Wanting more and definitive information, Appell started reading. One pamphlet on albinism mentioned Hermansky-Pudlak Syndrome (HPS), a form of albinism that is accompanied by a platelet defect and most often pulmonary fibrosis, a fatal lung disease. She called the author, Carl Witkop, at the University of Minnesota, who sent her a test tube to return with a blood sample.

At 18 months, Ashley was diagnosed with HPS. In some people, the disease may be associated with inflammatory bowel disease, or colitis, and kidney disease. Pulmonary fibrosis is a progressive, fatal lung disease that typically develops for patients with HPS types 1, 2 and 4 during their 30s and 40s. Ashley has HPS 1,  but at the time, no one knew much about HPS, understood then to be albinism with a mild bleeding disorder.

The Appells would find out that the bleeding disorder can be much more severe.

In the early morning hours of Oct. 12, 1989, Appell heard whimpering from Ashley's room. When she looked in, her daughter's crib was full of blood, which was streaming from her diaper. Ashley was suffering from the inflammatory bowel disease associated with HPS — which, along with the bleeding disorder, was causing her to hemorrhage. Ashley's parents rushed her to North Shore University Hospital in Manhasset, where she stayed for the next three months.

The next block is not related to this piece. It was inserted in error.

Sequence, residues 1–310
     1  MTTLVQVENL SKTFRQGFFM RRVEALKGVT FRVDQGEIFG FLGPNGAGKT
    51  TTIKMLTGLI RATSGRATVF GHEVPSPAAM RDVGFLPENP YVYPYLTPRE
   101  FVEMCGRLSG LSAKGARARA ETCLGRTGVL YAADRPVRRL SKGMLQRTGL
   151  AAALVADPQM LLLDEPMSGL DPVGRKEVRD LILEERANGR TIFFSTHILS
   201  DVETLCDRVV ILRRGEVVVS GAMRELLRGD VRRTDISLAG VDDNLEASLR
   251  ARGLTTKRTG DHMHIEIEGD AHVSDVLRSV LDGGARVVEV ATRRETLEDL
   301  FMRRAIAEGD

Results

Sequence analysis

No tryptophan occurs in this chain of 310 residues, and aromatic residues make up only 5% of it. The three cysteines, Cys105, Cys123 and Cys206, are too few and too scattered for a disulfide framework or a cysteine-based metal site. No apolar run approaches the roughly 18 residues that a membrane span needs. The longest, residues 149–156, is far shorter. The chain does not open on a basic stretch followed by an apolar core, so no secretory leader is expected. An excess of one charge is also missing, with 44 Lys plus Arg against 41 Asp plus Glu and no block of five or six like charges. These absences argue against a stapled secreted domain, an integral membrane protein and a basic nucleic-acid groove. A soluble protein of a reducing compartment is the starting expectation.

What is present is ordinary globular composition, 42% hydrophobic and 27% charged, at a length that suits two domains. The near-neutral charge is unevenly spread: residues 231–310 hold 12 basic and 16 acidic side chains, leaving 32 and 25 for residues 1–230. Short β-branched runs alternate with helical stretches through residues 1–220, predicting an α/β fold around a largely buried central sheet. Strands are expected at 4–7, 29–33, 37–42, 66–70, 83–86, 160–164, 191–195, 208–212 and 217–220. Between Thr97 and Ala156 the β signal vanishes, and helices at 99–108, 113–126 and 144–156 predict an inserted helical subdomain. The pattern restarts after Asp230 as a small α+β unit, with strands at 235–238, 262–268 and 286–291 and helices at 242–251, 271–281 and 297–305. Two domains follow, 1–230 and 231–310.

"That was the first day of everything getting really bad," said Richard Appell, who would see his daughter go in and out of the hospital over the next several years, as doctors struggled to keep the colitis under control.

"When we got out of that hospitalization, we were like, where are the other families? Where's the research? Where's the cure?" Donna Appell recalled wondering. "And we didn't find anything."

At the time, there were 23 identified cases of HPS in the United States.

"We had nowhere to turn," Appell said. "I talked with my husband and we decided that we didn't want any family to ever be so alone."

In 1992, while Appell was still spending months at a time at the hospital with Ashley — "going in one season and coming out the next" — she started finding families and building the HPS Network, which she runs out of the family's home. She worked with an NYU student to create a website and got listed in various phone directories. Appell spoke from the audience of "The Sally Jessy Raphael Show" and began an HPS registry soon afterward.